There’s a crazy amount of information to cover when it comes to marketing your music and brand. We’ll feature it more in-depth in the future, but if I could distill only 2 points, every midwest musician should know it’s these.
1. Email is the only marketing channel you entirely own. Never miss an opportunity to get more fans on your email list. And, if you are developing any new marketing channel, email signup should be your default call to action. It’s your bread and butter.
2. Spend some money. There is no business in the world you would expect to thrive without advertising, yet musicians are constantly trying to do it for free. I know it’s hard, and yes you’ll get a few bucks taken on a bad choice here and there, but you have to commit some monthly budget to doing this. Set aside at least $100 a month that you will commit to different marketing efforts. Try a bunch of things. As you find traction somewhere, you’ll know when to spend more.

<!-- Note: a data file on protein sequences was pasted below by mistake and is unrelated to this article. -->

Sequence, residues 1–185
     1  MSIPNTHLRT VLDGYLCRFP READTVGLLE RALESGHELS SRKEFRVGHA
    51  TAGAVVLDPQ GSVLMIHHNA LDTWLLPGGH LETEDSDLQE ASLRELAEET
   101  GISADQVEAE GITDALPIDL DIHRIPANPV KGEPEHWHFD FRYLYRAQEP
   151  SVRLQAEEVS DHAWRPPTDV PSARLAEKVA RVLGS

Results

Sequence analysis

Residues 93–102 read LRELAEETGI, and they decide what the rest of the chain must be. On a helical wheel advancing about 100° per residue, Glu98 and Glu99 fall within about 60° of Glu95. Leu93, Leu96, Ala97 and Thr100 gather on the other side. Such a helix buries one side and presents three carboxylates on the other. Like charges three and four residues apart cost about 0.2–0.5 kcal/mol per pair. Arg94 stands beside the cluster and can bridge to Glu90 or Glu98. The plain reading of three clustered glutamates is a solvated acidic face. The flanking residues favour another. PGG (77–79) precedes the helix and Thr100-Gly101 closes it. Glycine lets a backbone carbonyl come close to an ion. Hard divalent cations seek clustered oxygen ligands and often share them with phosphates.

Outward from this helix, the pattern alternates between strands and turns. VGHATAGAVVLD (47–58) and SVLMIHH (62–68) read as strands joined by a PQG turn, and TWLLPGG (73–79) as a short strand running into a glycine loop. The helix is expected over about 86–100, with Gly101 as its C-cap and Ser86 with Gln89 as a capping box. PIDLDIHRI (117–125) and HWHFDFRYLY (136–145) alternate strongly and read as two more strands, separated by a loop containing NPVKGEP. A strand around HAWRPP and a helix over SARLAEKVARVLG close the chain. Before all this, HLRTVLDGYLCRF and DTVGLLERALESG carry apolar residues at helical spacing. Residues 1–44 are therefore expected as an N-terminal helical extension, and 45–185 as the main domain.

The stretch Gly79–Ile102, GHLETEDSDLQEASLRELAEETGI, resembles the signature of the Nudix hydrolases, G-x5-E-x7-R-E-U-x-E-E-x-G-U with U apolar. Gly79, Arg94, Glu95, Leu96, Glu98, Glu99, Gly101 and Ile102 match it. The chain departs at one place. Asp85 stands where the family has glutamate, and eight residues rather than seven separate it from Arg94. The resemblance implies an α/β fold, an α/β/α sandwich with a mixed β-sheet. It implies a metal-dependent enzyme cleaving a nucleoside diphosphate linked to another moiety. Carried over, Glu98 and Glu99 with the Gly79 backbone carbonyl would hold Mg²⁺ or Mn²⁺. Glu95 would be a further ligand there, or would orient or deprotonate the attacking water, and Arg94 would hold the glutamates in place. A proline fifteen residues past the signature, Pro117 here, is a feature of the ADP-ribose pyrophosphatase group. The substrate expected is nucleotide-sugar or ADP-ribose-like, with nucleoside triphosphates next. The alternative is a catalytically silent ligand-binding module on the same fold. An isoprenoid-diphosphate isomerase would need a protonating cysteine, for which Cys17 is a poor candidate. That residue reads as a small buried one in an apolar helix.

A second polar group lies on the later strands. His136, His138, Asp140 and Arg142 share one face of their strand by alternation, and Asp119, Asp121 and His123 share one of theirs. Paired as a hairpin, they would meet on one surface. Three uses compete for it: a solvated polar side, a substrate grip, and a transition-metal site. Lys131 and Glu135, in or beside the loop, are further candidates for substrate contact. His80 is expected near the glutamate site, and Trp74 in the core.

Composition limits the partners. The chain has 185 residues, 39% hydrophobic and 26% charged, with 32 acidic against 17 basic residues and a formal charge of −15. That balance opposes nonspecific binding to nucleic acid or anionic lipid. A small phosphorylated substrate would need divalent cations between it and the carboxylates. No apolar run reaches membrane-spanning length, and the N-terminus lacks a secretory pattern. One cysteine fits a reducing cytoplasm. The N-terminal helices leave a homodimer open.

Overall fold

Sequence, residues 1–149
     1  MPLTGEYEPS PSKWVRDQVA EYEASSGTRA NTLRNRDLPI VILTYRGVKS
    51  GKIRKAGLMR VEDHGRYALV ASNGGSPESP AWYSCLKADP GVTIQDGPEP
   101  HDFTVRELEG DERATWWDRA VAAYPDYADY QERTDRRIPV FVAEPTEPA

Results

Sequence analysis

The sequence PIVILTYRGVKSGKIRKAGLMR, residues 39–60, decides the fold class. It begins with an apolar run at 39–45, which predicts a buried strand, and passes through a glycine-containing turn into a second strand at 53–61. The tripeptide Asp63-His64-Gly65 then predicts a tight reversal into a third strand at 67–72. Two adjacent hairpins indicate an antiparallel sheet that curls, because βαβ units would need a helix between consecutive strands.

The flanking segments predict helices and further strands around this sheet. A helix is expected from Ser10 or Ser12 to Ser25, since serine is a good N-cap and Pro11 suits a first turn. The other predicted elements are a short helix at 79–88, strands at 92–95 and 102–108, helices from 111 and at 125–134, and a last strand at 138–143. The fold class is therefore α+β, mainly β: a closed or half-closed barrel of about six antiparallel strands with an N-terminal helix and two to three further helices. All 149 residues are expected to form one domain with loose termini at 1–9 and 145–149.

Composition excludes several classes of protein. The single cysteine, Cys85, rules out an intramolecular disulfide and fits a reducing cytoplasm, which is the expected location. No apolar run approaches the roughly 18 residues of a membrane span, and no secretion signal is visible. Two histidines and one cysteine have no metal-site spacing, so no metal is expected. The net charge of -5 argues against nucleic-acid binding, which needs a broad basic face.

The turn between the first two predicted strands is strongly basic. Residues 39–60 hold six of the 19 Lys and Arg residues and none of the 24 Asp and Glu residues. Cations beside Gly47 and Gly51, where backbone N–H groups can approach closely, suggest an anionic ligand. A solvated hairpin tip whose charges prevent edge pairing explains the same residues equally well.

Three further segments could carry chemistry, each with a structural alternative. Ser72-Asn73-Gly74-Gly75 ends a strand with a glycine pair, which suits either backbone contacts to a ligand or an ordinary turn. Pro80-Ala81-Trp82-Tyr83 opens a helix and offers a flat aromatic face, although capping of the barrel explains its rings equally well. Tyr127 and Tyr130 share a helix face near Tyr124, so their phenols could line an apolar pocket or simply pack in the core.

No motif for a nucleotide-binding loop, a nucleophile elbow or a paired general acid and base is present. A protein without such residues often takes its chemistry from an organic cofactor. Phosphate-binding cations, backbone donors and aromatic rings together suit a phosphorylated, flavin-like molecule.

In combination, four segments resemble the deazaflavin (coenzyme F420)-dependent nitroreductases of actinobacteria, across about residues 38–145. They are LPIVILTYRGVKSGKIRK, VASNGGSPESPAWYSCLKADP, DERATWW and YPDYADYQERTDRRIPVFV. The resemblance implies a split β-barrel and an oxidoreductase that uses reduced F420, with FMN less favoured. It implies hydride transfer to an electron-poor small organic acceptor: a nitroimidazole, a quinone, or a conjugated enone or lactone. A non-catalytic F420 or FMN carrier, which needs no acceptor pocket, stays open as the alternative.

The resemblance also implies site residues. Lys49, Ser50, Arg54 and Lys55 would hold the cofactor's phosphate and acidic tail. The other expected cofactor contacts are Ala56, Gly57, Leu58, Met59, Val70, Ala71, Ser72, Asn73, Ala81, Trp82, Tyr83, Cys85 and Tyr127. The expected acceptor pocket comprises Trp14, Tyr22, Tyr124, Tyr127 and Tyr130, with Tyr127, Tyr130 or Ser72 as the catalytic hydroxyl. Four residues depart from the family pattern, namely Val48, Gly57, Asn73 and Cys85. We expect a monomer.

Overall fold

4. Internal Professionalism: Manage Your Brand And Your Band
We’ve set out to adapt our talents to be more than just hobbies. That can be a hard transition. We do these things late at night. We enjoy our time making music, and it’s all too easy to shy away from the real work entailed in growing your project. Your music is now your business and the people you will work with expect you to interact like a business. They may be booking a festival or trying to write an article about you, and as much as they love your new track, they just want to put in their 9 to 5 and get their work done.
Develop a standard of practice for how you engage with those in the industry and your peers. When you play a gig, you expect to get promptly paid at the end of the night, ideally on a pre-negotiated amount, right? You can offer the same to the musicians who play with you and the bands who open for your set. When you send an email request, you expect a response in a day. Don’t be the guy who hits reply a week later. You need to communicate like a pro.
Put yourself in the shoes of those you engage with and ask yourself what they need from you to do their job, then exceed that expectation. When there’s more distance between us, we end up getting much less face to face time with our industry professionals. The only way to compensate for that is to be the professional who reliably does what he says. That’s the fastest path to a full inbox. Managing your music project is as simple as fast, clear, and honest communication.